Library ed. ISBN 978-1-4677-2604-7 $17.99
Ad 6-9 yrs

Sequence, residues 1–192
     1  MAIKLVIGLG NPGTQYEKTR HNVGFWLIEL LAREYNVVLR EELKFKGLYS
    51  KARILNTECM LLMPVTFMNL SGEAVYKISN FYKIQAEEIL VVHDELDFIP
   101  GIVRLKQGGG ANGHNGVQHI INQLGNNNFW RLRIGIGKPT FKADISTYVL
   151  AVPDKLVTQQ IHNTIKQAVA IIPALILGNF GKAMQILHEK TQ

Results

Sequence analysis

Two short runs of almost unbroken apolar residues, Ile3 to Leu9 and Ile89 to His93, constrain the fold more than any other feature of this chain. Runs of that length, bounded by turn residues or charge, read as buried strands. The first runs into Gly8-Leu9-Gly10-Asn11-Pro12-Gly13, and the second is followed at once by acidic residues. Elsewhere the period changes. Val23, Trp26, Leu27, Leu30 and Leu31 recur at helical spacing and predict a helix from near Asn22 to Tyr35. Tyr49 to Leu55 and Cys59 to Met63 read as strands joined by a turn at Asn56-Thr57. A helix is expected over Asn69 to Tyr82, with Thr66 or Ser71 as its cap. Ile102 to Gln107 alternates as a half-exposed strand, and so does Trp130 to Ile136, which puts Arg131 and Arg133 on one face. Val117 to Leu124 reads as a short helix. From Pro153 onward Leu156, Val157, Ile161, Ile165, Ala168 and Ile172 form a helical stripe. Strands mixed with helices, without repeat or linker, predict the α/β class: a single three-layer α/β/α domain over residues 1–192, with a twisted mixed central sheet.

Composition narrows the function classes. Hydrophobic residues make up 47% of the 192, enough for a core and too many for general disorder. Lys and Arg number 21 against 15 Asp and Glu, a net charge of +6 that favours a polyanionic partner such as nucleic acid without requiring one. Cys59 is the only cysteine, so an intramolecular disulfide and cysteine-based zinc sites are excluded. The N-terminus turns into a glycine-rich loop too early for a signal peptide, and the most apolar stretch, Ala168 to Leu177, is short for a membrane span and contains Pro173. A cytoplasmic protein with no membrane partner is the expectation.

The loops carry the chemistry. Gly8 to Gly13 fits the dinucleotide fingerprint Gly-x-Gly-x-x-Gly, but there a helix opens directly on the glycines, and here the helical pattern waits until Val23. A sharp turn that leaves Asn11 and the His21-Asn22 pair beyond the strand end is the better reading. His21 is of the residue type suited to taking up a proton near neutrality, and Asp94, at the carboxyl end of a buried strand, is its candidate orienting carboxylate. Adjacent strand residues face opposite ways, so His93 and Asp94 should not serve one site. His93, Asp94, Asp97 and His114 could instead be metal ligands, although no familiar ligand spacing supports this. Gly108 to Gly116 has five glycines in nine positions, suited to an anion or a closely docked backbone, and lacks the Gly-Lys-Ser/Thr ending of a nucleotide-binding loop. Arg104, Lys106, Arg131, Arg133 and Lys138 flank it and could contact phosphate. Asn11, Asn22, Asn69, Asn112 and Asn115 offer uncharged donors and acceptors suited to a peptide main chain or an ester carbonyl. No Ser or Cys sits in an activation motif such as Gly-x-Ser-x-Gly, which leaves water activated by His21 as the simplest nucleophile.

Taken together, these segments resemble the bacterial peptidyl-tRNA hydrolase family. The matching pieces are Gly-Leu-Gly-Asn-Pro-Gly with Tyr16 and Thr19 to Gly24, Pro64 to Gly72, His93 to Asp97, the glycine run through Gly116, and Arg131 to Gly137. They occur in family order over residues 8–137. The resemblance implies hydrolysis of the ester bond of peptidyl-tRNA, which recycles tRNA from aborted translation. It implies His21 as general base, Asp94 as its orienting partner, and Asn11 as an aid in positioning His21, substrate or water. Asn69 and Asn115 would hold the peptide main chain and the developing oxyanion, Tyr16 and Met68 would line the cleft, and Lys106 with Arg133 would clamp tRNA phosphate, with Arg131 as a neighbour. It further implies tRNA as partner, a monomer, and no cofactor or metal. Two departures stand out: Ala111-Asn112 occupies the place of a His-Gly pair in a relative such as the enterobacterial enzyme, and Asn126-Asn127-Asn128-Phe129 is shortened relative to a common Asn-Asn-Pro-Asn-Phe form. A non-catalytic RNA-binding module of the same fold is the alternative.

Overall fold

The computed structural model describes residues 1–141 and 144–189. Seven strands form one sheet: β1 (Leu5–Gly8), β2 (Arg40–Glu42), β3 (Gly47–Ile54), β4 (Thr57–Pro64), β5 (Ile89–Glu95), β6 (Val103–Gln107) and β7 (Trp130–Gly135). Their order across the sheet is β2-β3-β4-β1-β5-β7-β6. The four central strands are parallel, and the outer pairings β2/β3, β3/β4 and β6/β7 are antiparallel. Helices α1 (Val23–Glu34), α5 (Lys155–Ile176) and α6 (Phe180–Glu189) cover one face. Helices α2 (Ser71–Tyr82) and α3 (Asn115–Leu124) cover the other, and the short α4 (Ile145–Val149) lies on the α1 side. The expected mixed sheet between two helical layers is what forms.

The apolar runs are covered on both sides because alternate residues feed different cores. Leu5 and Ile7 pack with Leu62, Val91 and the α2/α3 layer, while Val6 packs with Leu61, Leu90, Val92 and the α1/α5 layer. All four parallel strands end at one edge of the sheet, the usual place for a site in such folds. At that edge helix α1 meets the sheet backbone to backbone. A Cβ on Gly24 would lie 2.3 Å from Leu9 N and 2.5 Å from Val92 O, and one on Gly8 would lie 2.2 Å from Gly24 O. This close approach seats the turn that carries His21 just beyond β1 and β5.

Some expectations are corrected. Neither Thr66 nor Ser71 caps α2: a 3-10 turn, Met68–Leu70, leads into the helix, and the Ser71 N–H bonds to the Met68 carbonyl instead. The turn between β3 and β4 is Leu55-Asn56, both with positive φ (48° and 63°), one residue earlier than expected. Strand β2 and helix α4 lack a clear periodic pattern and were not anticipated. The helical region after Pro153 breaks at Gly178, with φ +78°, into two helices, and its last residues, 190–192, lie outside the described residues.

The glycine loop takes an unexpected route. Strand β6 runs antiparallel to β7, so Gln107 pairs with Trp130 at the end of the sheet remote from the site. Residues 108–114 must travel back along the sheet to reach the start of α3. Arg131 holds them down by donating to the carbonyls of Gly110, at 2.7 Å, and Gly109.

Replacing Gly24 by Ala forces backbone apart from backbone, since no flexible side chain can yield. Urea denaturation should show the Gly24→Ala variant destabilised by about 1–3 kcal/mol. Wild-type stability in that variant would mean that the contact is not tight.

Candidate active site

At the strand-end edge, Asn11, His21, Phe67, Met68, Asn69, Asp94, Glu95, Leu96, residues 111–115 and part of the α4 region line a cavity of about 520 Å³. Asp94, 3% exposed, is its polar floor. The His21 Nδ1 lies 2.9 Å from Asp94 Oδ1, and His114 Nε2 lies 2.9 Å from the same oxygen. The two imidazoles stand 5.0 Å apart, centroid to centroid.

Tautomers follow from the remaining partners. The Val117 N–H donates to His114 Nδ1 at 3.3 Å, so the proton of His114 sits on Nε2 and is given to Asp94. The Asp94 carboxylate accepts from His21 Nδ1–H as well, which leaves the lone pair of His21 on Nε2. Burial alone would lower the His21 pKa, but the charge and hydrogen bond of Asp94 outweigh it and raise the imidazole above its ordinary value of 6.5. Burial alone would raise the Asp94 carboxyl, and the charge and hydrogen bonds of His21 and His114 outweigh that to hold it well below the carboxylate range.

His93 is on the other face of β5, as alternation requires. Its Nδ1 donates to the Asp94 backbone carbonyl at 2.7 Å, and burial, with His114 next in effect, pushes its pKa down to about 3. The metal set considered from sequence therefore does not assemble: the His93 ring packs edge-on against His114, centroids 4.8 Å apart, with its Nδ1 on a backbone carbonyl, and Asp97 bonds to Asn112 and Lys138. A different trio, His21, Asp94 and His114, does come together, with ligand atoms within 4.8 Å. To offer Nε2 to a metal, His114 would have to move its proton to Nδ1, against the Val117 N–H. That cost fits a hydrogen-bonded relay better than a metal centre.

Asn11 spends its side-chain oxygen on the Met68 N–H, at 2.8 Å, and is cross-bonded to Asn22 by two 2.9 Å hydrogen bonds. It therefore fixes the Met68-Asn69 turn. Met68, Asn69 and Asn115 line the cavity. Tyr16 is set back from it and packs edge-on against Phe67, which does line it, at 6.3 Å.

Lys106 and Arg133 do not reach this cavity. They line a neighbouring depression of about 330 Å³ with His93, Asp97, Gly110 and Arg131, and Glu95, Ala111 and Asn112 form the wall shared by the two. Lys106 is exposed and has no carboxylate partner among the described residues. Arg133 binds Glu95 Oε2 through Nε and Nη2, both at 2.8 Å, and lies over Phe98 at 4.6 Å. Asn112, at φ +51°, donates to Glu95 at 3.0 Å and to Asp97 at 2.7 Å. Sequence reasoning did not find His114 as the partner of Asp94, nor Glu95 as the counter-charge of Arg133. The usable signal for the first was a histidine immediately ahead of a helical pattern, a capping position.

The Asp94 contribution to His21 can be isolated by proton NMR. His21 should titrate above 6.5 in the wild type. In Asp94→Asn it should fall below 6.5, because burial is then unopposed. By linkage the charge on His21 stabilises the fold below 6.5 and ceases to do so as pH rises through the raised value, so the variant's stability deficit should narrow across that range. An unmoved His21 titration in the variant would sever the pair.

In North Carolina, 1944, Jim Crow laws against “race mixing” meant that no playoff system existed to determine, definitively, whether the black powerhouse team of [End Page 189] North Carolina College for Negroes could best the nationally acclaimed basketball players from Duke. A clandestine match-up, now dubbed “The Secret Game,” would answer the immediate question but would also become anti-segregation legend. Coy adheres closely to Scott Ellsworth’s description of the game, recounted in his 1996 New York Times article, which Coy cites in a selected bibliography. Audiences watch the Duke players hustle across town in the early hours of a Sunday morning and sneak into the NCC gym, with its doors promptly locked. The nervous players stumble through the opening plays, and then hit their stride and have such a good time (88 to 44, NCC) that they stick around for a second game: shirts and skins, with the two teams mixed. It’s a great story, as far as it goes, but Coy’s omission of background leaves readers wondering just how this game was ever organized, and why it was Duke’s medical school students rather than the Blue Devils who took on NCC. DeBurke’s mixed-media illustrations, with their muted colors and grainy photorealism, are a fine complement to the text, and the manual typewriter–styled font cleverly underscores this “report” from the past. Pair this with Raven’s Let Them Play (BCCB 2/06) for a readaloud on teams who challenged segregation.